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These days, most news about digital technologies seem to highlight their downsides: how they’re addictive, driving anxiety, compromising privacy, undermining democracy, etc.

This isn’t surprising. Commercial news competes for your attention, and negative pieces are more engaging. (“If it bleeds, it leads.”) News media also have a short-term bias and an almost exclusive focus on exceptional events. And traditional news media have reasons to be down on tech, since it’s eroded their economic and social influence.

Which is to say, structural factors might foster negative coverage. But, of course, this doesn’t diminish the fact that there are indeed downsides. Most of these systems are relatively new and open to abuse, intentionally or not. We still don’t know how to use them properly — and perhaps even what that might mean.

Like all technologies, digital has pros and cons. But we hear more about the negatives.

What are the positives? It’s a truism to say more people have faster access to more information more cheaply than ever before. But it’s true: systems like Google Maps, Wikipedia, and YouTube have improved our lives. That said, I’m more interested in another angle: how digital helps us think differently — and, potentially, better.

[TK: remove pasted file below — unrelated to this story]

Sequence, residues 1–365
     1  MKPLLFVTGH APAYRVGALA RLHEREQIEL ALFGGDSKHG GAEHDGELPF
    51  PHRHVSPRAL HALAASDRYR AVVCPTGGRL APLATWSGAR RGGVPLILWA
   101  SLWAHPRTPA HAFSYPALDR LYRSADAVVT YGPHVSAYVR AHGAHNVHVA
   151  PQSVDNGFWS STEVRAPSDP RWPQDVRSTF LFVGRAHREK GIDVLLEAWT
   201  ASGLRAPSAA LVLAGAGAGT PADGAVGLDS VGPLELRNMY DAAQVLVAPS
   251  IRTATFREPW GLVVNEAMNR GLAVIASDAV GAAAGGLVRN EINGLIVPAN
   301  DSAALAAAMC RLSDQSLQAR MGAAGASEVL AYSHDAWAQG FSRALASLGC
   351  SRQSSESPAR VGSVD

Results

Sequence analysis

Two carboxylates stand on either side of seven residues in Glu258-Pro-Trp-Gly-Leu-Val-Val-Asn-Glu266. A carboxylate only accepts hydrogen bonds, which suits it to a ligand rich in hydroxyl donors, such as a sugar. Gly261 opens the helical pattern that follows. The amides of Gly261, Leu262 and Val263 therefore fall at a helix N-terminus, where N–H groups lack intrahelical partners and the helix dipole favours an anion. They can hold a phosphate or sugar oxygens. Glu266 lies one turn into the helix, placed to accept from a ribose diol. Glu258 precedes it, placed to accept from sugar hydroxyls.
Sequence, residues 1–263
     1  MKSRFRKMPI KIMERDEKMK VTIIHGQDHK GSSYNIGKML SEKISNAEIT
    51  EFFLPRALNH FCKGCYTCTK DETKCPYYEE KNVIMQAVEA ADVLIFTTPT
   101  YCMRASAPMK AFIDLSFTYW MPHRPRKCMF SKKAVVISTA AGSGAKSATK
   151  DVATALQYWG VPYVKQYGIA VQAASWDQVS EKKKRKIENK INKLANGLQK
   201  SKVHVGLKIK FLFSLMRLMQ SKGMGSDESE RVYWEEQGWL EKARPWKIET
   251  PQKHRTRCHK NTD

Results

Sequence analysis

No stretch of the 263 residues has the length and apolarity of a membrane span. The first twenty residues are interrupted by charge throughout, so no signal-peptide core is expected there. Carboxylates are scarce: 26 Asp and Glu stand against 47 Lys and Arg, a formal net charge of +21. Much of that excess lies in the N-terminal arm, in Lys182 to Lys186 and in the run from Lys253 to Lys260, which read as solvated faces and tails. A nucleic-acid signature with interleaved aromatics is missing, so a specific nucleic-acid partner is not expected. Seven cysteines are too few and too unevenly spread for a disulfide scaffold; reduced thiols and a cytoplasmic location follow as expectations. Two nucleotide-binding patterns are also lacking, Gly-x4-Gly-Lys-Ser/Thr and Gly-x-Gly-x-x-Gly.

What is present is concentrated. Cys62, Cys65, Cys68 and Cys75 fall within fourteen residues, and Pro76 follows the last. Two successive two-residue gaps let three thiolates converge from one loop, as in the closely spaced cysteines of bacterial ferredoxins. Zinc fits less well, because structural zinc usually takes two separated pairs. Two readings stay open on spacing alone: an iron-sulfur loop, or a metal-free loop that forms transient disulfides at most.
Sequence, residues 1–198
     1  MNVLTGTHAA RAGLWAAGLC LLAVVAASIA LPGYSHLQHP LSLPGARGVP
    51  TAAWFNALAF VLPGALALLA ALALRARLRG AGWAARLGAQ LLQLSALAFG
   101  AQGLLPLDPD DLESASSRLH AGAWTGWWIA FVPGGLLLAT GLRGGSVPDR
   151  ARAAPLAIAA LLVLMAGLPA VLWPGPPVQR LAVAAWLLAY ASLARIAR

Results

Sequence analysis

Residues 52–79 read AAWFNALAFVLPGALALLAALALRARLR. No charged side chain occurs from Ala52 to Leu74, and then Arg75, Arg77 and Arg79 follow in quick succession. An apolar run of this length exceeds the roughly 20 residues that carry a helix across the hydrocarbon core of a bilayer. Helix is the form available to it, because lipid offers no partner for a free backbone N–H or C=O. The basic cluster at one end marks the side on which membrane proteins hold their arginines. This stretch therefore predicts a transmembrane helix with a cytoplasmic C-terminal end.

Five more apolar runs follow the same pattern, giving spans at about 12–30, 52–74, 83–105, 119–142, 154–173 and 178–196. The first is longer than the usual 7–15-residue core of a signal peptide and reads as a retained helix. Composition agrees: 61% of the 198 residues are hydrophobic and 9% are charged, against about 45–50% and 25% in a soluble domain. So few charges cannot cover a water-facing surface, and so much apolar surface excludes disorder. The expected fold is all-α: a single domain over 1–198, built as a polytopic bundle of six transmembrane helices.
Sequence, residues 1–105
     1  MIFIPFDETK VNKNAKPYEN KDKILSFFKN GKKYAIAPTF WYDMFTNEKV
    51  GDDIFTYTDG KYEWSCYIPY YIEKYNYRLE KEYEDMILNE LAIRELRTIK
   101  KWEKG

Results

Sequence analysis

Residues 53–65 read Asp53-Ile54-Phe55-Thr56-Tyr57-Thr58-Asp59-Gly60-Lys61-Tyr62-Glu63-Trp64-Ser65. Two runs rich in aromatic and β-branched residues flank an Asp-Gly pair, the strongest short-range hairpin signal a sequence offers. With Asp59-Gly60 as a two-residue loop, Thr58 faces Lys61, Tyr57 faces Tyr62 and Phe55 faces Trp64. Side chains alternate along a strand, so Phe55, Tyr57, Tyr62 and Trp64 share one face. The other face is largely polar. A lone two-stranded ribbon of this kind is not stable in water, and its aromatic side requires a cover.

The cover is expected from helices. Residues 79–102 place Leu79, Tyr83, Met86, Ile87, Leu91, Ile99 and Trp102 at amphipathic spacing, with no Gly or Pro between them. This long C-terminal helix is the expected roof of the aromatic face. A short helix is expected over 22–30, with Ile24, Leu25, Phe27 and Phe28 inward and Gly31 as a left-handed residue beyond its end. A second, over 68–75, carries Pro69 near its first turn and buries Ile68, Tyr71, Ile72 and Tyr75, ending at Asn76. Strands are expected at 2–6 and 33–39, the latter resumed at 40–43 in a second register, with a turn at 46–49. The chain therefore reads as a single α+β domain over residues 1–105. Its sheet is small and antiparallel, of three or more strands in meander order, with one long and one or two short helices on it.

Most news coverage focuses on digital as communications media. But digital also enables new ways of thinking and making. (More precisely: new ways of thinking through making.) Connected digital tools are shared nervous system prosthetics; they extend our minds much like eyeglasses extend our sight.

Today, we take eyeglasses for granted, but they’re an important innovation. In his essay Dreaming of the Middle Ages, Umberto Eco noted:

eyeglasses were a medieval invention, as important as the mechanical loom or the steam engine. At that time, an intellectual who became farsighted at the age of forty (bear in mind the difficulty of reading unreadable manuscripts by torchlight in dark rooms beneath shadowy vaults) was unable to produce actively after the age of fifty. With the introduction of eyeglasses intellectual productivity increased enormously and the following centuries could better exploit these human resources.

Digital tools for thought aren’t analogous merely to eyeglasses. Rather, they’re like a powerful telescope: not just a way to see better, but to probe new and unfamiliar domains. Some of what we discover might reframe our understanding of ourselves, as it did after Galileo pointed his instruments at the sky.

Effective use of new tools elicits and demands new ways of being. Growing into them takes time: culture doesn’t change on a flip, and there’s often upheaval and angst as old patterns give way. And, of course, nothing says new tech must be used for good. There’s no shortage of sociopaths and grifters ready to get in on the action. So vigilance and mindfulness are in order.

That said, it’s an exciting time to work in this space. Those of us designing digital information systems enable new human abilities. It’s on us to steer such systems toward worthwhile ends.